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Florida Scrub-Jay

My friend Bernie Master happens to be down in Florida, and we met up this morning to go look for Florida's only endemic bird, the federally threatened Florida Scrub-Jay. Bernie took me up to Oscar Scherer State Park, and scoring the jays was a breeze.

Picture-perfect scrub-jay habitat, a mixture of scrub oaks, saw palmetto, and scattered slash pines. Lots of other cool flora, too.

It didn't take long before we heard the harsh scolds and querulous notes of a family unit of jays. Florida Scrub-Jays are ridiculously tame and extremely curious. This one investigates your blogger from the brush.

Florida Scrub-Jays have declined alarmingly. Their historical range once covered about 7,000 square miles, and they were probably quite common in appropriate habitat. Rampant development in peninsular Florida has destroyed much dry scrub and the jay's total population may now be as few as 7,000 individuals.

In 1995, the scrub-jay complex was split into three species: Western Scrub-Jay, Island Scrub-Jay (Santa Cruz Island, southern California), and this one. Thus, the Florida Scrub-Jay became the only resident bird completely confined to the Sunshine State. Many populations are heavily studied, as can be seen by the four colored bands on this jay's legs.

Easily one of the tamest wild birds that you'll encounter in North America, Florida Scrub-Jays will often closely approach people. That was our experience, with jays coming within five feet of us without any coaxing whatsoever.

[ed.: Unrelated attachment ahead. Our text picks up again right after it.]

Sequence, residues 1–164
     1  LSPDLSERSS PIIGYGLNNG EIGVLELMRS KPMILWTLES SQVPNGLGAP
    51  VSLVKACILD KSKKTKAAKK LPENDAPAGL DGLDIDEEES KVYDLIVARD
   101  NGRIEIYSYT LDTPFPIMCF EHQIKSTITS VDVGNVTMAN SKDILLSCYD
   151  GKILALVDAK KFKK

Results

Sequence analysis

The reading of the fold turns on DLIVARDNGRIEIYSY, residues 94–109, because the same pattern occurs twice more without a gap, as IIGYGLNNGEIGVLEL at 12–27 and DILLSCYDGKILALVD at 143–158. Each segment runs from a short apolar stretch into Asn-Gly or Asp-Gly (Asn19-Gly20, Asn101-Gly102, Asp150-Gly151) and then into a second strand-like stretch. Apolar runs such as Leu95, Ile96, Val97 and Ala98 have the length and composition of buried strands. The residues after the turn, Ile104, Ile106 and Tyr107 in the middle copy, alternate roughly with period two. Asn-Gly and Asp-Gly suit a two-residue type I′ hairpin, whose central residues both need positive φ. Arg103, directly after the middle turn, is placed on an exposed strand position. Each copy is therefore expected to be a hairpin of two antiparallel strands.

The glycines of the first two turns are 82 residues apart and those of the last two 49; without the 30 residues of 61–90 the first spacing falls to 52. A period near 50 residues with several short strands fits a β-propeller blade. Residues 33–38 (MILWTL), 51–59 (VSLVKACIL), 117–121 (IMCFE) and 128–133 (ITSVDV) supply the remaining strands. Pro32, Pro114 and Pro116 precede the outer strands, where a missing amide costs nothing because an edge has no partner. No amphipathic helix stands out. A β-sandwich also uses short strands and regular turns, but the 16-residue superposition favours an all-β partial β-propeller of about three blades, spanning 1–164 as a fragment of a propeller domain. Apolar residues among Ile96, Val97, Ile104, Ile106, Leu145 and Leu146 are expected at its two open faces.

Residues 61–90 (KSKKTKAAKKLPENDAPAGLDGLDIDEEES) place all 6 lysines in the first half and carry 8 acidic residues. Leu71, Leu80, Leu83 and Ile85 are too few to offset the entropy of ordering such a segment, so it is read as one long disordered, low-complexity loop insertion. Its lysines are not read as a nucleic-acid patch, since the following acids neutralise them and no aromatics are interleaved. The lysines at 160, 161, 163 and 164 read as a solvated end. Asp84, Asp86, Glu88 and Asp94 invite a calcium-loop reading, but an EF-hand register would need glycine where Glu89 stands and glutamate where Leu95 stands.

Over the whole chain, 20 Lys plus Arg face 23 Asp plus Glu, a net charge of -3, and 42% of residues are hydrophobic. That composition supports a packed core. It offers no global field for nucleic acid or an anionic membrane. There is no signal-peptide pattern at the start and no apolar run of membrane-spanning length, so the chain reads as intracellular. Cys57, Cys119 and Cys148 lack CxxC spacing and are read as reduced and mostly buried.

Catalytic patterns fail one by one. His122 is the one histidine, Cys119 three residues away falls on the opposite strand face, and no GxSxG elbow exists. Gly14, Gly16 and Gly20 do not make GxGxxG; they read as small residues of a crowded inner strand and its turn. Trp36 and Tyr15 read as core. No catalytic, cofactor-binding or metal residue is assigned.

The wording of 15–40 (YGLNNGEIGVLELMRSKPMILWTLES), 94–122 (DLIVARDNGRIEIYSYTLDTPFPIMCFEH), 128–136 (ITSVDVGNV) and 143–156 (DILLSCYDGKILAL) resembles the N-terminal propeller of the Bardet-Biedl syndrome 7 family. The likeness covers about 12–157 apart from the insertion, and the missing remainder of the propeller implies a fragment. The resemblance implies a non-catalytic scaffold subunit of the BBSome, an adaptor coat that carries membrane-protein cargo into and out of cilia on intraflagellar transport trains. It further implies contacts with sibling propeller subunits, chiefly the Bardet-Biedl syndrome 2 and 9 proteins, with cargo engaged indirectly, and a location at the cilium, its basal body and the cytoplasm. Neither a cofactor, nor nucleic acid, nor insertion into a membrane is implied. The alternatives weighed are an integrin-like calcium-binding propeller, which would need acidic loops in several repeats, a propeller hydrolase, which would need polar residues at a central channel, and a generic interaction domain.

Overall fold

Florida Scrub-Jays are highly social and form long-lasting family units. Young birds stay with the parents for at least a year, and serve as "helpers" for future nestings.

At least seasonally, acorns from any of several species of scrub oaks form the bulk of the jays' diet. This is Myrtle Oak, Quercus myrtifolia, an elfin treelet of dry sandy soil. We saw some of the jays harvesting and pounding open these acorns, and sometimes transporting two at a time.

This one - I think - is Sand Live Oak, Quercus geminata, another jay food source. These oaks and all of the other plants in these dry scrub communities are fire-dependent, and by extension, so are the jays.

Fortunately, the staff of Oscar Scherer State Park and the Florida Department of Natural Resources manage for scrub-jay habitat. This is a newly cleared area that, in a few years, will provide suitable conditions for the jays.

Comments

Fixed Carbon said…
Jim:
Spectacular post! The scrub jays in Davis, CA are studied a lot. One student did behavioral work by watching their response to peanuts that she had set out. Our yard was one of her study sites. When she arrived, the jays were ready and waiting, and the peanuts were taken very quickly. Two years later, I still find peanuts around the garden; the jays forget where they have stashed some of their treasure.

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